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Article
May 1960

The Electromyogram from Ocular Muscles in Myasthenia Gravis

Author Affiliations

Baltimore
From the Wilmer Institute and the Division of Neurological Medicine, The Johns Hopkins University School of Medicine and Hospital.

AMA Arch Ophthalmol. 1960;63(5):791-798. doi:10.1001/archopht.1960.00950020793008
Abstract

In 1935, Lindsley1 demonstrated electromyographically in patients with myasthenia gravis that the fatigue which accompanies voluntary contraction of muscles is associated with profound fluctuations in the amplitude of the action potentials. Harvey and Masland,2 and more recently Churchill-Davidson and Richardson3 have described more critical electromyographic techniques in the diagnosis of myasthenia gravis, both of which employ repetitive electrical stimulation of peripheral nerve. These procedures have the distinct advantage of eliminating the variability which accompanies voluntary effort, but the extraocular muscles, so frequently involved in myasthenia, cannot be investigated in this fashion.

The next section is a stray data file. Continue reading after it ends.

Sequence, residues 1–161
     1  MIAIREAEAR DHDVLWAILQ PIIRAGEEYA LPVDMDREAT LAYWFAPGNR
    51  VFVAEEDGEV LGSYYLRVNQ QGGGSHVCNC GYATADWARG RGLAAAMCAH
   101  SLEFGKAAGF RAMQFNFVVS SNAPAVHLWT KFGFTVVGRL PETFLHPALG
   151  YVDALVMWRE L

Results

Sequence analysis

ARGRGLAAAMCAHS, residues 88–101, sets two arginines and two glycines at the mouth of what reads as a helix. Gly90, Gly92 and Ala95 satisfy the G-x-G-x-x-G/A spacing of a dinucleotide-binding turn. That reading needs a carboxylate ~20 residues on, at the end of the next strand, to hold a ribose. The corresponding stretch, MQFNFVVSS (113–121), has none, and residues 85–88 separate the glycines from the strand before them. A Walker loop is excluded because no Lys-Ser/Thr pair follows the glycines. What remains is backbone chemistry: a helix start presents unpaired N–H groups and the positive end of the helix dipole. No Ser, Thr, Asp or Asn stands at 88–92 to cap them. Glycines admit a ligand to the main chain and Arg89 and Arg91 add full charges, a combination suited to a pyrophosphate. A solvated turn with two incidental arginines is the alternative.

In recent years action potentials from extraocular muscles have been recorded by numerous investigators, including Björk and Kugelberg,4 Breinin and Moldaver,5 Teasdall and Sears,6 and the characteristic patterns from normal muscle have been clearly defined. Accordingly, it was felt that this procedure might be helpful not only as an aid in the diagnosis

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